Tara Westover’s memoir, Educated, recollects stories from her childhood in a strict mormon home. Tara and her siblings were not allowed to attend school, receive birth certificates, or work outside the home until they were old enough to leave. They strictly work in their father’s junkyard and receive a poor education from their mother. Most of society doesn’t have a clue that they exist. In her memoir, the beginning paragraphs of chapter twenty provide readers with insight into the distance between Tara and the real world.
To begin, Tara only associates with her family and church. She wasn’t allowed to go out and make friends until she was in the play “Annie”(84). There, at the “Worm Creek Opera House” she met Charles (85). Charles is her “first friend from that other world” (174). She references him as her “first friend” which highlights the strict social rules that her father uses to dictate his house (174). He deemed the world as a sinful and crude place, and it was his goal to instill that into his children too. It is evident that he has tried to engrave those ideas in Tara because she associates everybody else with “that other world” (174). This provides readers with one paradigm of the distance between Tara and the world around her.
Not only does Tara live a detained life, but she lives differently. She dresses only in loose clothing, and showers once or twice a week. In addition to learning from her parents, the only medical assistance provided is by her mother. To Tara, the world is “conventional” (174). More importantly, Charles is “conventional in all the ways and for all the reasons my father despised” (174). Charles lives the life of a normal teenager. He goes to school, goes out places, and he dresses like everybody else. To Tara, conventional is uncomfortable, and to her father, conventional is a sin. In consonance with the manner in which Tara references Charles as “conventional”, readers can infer that she is confused as to what to believe. She never stated that she believed Charles was conventional, but rather Charles was conventional in her father’s lens.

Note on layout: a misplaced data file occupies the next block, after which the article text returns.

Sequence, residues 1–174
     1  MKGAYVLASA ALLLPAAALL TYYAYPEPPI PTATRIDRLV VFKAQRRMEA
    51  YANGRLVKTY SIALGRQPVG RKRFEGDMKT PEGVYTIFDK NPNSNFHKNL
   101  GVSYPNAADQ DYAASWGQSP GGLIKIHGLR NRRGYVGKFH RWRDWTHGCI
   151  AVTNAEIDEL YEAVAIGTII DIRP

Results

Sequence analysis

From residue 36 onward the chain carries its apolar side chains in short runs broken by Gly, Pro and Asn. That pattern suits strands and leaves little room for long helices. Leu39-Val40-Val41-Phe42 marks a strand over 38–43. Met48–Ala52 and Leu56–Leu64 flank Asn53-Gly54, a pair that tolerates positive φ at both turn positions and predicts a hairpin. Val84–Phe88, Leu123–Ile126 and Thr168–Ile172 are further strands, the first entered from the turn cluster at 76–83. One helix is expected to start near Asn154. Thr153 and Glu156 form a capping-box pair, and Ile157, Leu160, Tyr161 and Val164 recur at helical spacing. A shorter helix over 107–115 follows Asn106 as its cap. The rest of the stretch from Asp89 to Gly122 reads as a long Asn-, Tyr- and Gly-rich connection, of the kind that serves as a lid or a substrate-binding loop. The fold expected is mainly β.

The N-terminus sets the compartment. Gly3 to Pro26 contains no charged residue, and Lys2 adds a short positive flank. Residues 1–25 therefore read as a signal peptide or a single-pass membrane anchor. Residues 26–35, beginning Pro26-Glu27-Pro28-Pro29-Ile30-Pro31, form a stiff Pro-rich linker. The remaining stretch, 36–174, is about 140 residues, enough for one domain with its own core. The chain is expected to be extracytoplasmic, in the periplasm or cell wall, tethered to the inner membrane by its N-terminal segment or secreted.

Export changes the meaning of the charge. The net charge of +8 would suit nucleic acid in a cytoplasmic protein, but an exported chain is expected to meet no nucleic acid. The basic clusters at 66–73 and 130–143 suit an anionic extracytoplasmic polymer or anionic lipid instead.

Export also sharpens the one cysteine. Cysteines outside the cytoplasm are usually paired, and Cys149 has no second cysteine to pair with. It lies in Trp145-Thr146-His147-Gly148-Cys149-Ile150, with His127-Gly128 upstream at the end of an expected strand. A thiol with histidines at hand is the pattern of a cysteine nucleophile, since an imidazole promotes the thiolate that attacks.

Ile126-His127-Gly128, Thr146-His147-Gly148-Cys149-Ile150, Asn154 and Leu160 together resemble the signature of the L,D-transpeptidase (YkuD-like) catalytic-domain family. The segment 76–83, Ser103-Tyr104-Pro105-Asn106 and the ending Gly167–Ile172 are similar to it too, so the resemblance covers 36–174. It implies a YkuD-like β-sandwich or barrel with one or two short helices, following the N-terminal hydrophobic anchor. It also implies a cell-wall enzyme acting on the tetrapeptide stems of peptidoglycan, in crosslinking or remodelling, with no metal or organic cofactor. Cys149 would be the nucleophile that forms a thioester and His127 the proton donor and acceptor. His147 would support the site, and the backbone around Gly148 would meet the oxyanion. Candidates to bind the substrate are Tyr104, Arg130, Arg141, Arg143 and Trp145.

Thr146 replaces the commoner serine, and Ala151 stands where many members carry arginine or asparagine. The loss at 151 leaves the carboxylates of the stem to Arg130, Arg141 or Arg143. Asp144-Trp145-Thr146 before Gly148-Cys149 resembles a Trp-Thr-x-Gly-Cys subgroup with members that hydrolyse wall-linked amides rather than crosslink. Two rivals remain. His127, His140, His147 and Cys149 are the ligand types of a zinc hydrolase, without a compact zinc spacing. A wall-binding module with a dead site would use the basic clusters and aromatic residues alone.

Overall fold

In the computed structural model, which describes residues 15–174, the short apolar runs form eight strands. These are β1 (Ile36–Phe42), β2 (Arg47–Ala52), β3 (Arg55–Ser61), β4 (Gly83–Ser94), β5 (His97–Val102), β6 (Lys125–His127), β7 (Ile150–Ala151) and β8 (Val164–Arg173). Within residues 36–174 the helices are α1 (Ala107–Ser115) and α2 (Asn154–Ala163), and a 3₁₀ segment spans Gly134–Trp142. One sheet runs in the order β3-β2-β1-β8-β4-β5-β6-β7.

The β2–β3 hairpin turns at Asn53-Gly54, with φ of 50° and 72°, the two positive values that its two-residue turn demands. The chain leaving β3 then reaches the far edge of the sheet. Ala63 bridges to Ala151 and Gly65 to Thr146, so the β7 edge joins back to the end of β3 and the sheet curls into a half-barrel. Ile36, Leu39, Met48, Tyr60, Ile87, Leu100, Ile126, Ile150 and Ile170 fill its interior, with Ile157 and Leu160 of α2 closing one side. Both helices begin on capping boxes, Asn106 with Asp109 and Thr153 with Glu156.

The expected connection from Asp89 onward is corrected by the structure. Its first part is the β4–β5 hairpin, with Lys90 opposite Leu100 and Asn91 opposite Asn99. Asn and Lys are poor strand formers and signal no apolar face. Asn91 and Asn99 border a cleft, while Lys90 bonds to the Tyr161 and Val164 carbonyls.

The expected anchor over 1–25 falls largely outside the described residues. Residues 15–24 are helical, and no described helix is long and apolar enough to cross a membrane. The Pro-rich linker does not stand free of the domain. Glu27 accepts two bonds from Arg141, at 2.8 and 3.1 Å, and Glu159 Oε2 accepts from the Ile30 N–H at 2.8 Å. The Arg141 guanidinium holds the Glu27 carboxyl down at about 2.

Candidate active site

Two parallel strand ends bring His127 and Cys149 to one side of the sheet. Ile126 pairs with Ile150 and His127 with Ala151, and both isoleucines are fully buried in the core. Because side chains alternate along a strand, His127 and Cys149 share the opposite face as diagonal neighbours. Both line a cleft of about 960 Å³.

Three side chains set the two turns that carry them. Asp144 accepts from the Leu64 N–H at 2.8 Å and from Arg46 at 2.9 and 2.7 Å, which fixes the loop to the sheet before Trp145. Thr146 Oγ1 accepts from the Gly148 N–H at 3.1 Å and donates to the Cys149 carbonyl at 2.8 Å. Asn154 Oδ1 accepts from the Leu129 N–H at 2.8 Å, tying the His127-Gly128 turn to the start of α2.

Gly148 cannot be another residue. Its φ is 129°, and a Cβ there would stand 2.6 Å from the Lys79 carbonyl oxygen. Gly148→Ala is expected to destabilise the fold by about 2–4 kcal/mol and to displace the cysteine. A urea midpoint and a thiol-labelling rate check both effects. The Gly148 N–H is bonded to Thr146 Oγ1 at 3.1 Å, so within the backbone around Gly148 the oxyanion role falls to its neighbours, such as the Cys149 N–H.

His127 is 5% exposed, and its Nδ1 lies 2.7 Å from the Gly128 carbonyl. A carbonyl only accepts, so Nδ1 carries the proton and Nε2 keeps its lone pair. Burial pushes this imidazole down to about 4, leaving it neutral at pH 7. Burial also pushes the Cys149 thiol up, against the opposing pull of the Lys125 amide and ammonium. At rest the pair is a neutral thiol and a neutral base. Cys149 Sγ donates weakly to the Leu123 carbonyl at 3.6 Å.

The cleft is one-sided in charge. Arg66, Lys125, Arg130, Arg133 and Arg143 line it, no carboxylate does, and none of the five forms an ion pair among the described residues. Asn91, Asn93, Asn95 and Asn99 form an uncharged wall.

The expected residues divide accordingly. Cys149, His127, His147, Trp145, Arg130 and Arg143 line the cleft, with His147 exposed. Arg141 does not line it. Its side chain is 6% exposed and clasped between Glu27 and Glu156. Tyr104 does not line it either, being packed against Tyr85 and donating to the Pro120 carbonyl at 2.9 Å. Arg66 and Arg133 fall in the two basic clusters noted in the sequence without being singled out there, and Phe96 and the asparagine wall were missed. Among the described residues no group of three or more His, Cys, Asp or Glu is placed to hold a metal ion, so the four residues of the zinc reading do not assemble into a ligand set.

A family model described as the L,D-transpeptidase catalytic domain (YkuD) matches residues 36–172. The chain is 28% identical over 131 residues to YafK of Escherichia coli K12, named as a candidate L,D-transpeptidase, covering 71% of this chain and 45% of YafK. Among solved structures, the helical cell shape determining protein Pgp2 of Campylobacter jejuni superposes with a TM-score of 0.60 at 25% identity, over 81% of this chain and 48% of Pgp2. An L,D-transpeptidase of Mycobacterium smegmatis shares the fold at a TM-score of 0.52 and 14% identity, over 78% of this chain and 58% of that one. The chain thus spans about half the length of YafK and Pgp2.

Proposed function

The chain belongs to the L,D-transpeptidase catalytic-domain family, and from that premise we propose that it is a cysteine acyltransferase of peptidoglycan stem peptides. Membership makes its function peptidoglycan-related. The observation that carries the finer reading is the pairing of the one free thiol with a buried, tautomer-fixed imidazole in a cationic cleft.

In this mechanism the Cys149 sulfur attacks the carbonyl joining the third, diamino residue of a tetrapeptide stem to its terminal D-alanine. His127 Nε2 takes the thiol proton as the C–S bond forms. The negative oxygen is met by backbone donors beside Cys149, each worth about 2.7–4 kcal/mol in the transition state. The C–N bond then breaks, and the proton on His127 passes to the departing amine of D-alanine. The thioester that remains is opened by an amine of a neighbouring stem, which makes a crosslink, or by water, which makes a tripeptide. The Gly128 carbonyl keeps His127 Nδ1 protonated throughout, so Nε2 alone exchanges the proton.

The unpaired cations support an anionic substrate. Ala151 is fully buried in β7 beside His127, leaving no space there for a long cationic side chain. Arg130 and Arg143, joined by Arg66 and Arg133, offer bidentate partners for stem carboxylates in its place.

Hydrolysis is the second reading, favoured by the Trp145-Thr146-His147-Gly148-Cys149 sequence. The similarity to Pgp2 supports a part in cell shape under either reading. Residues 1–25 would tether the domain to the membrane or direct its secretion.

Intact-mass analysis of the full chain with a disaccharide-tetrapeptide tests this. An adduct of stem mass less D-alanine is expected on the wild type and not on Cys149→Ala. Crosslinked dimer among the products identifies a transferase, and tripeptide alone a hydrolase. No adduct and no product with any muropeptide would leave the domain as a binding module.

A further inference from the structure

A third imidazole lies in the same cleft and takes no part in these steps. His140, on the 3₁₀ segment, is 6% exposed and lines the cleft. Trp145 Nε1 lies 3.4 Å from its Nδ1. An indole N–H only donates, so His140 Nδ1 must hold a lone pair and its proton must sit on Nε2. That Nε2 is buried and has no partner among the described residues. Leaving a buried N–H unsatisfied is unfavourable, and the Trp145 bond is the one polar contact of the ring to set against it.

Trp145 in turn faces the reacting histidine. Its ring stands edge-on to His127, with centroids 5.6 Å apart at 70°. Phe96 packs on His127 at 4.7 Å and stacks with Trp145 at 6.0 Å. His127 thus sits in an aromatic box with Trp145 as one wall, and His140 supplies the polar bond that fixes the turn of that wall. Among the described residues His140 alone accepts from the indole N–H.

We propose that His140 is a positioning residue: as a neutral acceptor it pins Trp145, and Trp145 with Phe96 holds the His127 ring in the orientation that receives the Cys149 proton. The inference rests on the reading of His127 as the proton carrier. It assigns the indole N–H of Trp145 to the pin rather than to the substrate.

Tara is caught between two opposing worlds. Tara said that she “couldn’t reconcile his world with mine” (pg. 174). It is evident that she spends time with Charles, and it isn’t a problem or she wouldn’t approach him. The problem is with Charles and her family, but more importantly, her brother Shawn. Shawn leaves out no effort when attempting to make Tara look bad in front of Charles. He will reference to her as things like “wilbur” or “fish eyes” to insult her (pg. 176). It is indisputable that Shawn has a problem and will stop at next to nothing display it. Tara is a puppet being pulled by two different strings: the string of happiness and the string of family.
In summary, the beginning of chapter twenty spotlights the distance between Tara and the real world. She was raised in an unconventional, strict mormon home, and even as a teenager, Tara is caught in figuring out what she believes and if she wants to submit to her father and brother or adventure out and choose her life.
Westover, Tara. Educated. Thorpe, Charnwood, 2018.